I wish all the networks could share towers such that coverage was universal. It seems ridiculous for each network to have to build their own towers. When appropriate, why not share?
The merger press release cites these benefits.
With Sprint’s expansive 2.5 GHz spectrum, T-Mobile’s nationwide 600 MHz spectrum, and other combined assets, the New T-Mobile plans to create the highest capacity mobile network in U.S. history. Compared to T-Mobile’s network today, the combined company’s network is expected to deliver 15x faster speeds on average nationwide by 2024, with many customers experiencing up to 100x faster speeds than early 4G.
Neither company standing alone can create a nationwide 5G network with the breadth and depth required to fuel the next wave of mobile Internet innovation in the U.S. and answer competitive challenges from abroad.
Neither can AT&T and Verizon in the near term, even though they will still respectively own 34% and 172% more spectrum than the combined company. Even with their vast resources, AT&T and Verizon cannot rapidly build nationwide 5G and their planned 5G networks will only be available sporadically in just a handful of very limited areas. To build nationwide 5G, they either have to kick current customers off LTE, which would take years, or use a type of spectrum (millimeter wave) that can only carry a signal 2,000 feet from a cell site – versus multiple miles for other spectrum – making it nearly impossible for either of them to create a truly nationwide 5G network quickly.
Ubiquitous high-speed 5G service and Internet of Things (“IoT”) capabilities will ignite innovation across industries and create the conditions for U.S. firms and innovators to lead the globe in the 5G era.
“Going from 4G to 5G is like going from black and white to color TV,” added Claure. “It’s a seismic shift – one that only the combined company can unlock nationwide to fuel the next wave of mobile innovation.”
5G for All will unleash incredible benefits and capabilities for consumers and businesses. Imagine, for example, augmented reality heads-up displays that see everything you do, and provide real-time cloud-driven information about the people and objects around you. Imagine never losing anything again because low-cost sensors with decade long battery life are embedded in everything you own. Imagine an earpiece providing real-time translation as a friend speaks to you in another language. Imagine environmental sensors in infrastructure and for agriculture having a profound impact on productivity.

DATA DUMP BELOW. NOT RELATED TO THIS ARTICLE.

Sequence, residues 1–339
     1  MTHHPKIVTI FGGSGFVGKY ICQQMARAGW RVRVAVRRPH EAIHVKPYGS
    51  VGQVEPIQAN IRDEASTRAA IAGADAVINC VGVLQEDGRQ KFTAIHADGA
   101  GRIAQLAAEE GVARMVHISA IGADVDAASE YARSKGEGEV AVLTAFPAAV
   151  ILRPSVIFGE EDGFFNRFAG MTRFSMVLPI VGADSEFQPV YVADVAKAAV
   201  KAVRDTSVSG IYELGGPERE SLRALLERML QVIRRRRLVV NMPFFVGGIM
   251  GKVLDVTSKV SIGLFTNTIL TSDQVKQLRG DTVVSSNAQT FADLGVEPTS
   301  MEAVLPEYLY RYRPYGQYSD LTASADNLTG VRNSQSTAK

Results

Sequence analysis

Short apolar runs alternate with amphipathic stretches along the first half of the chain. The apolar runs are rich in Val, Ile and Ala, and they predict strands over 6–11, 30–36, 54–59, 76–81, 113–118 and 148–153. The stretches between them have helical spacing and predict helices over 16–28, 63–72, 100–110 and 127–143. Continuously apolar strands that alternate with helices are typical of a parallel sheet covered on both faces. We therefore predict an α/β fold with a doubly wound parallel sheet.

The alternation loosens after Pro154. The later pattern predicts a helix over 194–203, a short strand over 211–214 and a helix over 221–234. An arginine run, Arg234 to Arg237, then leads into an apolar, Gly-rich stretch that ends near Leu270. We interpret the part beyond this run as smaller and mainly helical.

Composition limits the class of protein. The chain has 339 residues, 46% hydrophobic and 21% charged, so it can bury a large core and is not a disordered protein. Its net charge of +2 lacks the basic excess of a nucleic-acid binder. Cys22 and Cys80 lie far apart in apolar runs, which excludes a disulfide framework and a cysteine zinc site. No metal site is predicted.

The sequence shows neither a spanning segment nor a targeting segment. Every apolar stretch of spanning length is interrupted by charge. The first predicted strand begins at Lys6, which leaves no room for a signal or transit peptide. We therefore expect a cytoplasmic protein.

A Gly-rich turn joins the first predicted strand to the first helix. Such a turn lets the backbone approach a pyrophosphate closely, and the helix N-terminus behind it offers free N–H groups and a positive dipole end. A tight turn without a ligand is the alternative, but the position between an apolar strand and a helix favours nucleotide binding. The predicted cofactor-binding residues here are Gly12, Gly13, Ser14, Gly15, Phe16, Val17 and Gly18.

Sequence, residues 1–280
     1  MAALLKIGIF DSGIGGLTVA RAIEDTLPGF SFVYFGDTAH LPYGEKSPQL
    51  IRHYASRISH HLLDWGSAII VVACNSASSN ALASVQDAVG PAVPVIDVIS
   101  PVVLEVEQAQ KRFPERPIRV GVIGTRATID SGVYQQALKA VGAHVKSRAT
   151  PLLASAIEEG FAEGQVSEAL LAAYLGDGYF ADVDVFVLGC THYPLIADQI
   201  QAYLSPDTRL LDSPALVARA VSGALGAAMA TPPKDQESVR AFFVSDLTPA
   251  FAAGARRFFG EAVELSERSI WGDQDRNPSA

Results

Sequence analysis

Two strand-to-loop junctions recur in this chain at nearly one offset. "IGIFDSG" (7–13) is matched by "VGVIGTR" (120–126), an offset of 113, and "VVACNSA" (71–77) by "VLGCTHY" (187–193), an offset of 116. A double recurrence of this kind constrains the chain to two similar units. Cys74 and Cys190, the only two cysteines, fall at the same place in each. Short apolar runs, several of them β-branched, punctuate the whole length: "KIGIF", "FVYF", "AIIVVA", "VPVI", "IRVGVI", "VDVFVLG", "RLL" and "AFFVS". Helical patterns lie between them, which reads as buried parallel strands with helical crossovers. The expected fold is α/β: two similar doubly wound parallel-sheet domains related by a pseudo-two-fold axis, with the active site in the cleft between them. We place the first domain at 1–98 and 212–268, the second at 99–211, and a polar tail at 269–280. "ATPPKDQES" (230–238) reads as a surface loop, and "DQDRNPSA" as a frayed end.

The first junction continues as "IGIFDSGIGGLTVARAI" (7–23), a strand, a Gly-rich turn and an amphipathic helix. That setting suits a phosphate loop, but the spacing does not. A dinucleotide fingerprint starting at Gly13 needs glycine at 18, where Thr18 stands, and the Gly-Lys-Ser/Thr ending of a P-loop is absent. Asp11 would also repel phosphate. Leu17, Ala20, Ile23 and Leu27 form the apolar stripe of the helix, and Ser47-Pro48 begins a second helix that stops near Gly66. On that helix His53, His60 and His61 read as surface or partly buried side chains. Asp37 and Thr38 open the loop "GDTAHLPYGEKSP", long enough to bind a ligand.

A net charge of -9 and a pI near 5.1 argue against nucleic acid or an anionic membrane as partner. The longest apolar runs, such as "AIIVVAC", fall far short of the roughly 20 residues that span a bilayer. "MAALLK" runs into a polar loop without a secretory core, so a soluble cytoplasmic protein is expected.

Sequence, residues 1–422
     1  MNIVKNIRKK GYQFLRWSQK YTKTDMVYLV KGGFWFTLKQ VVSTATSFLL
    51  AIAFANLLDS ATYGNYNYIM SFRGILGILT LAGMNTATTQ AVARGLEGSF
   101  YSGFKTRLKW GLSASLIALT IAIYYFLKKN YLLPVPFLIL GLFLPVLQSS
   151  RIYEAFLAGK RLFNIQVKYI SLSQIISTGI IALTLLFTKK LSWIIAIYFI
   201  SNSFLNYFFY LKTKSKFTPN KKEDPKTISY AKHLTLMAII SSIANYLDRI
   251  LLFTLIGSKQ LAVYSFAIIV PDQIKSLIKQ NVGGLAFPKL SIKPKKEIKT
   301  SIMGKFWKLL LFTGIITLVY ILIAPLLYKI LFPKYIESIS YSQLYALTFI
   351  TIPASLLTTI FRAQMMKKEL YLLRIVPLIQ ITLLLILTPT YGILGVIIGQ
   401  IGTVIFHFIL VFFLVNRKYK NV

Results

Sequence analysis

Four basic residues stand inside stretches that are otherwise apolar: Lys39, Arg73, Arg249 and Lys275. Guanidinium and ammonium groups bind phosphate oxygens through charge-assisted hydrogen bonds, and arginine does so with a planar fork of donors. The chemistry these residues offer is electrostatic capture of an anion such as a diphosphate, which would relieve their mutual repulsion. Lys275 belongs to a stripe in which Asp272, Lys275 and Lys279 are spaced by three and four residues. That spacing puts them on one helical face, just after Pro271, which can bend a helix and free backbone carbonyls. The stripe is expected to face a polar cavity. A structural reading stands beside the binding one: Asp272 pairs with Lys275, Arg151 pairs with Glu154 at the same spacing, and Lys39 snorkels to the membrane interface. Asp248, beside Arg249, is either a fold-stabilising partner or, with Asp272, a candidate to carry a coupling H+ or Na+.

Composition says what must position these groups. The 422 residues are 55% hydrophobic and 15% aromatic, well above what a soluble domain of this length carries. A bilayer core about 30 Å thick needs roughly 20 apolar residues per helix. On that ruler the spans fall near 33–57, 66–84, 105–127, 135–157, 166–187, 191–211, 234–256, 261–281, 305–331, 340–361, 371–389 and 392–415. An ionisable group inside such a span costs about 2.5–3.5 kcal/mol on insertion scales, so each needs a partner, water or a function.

Wireless, broadband, and video markets are rapidly converging. AT&T is now the largest TV provider in the country. Comcast added more wireless phone customers last year than AT&T and Verizon combined, and Charter is launching wireless this year. And, more than 1 in 10 Americans (12%) use wireless as their only Internet or broadband connection, freeing themselves from the grip of the traditional, uncompetitive in-home broadband providers.
Message to Regulators
That last paragraph above is clearly a message to regulators telling them not to fear going from four wireless providers to three while conveniently sniping at ATT's TV service,.
As a traveler, I frequently find that my phone does not work. When I travel with my wife Liz, usually one of our phones work. I am on ATT and she is on Verizon.
Service in some national parks is nonexistent. I just returned from a trip to Arches and Canyonlands. There is essentially no cell service. Curiously, there was cell service at Delicate Arch, reachable by a 3-mile round-trip hike that starts deep in the interior of the park. It's an uphill trek and the elevelation change must have put it in sight of tower.
When I last went to Death Valley, ATT worked in a few spots, but not Verizon. In Glacier National Park, nothing worked anywhere. It is a real pain.
Mike "Mish" Shedlock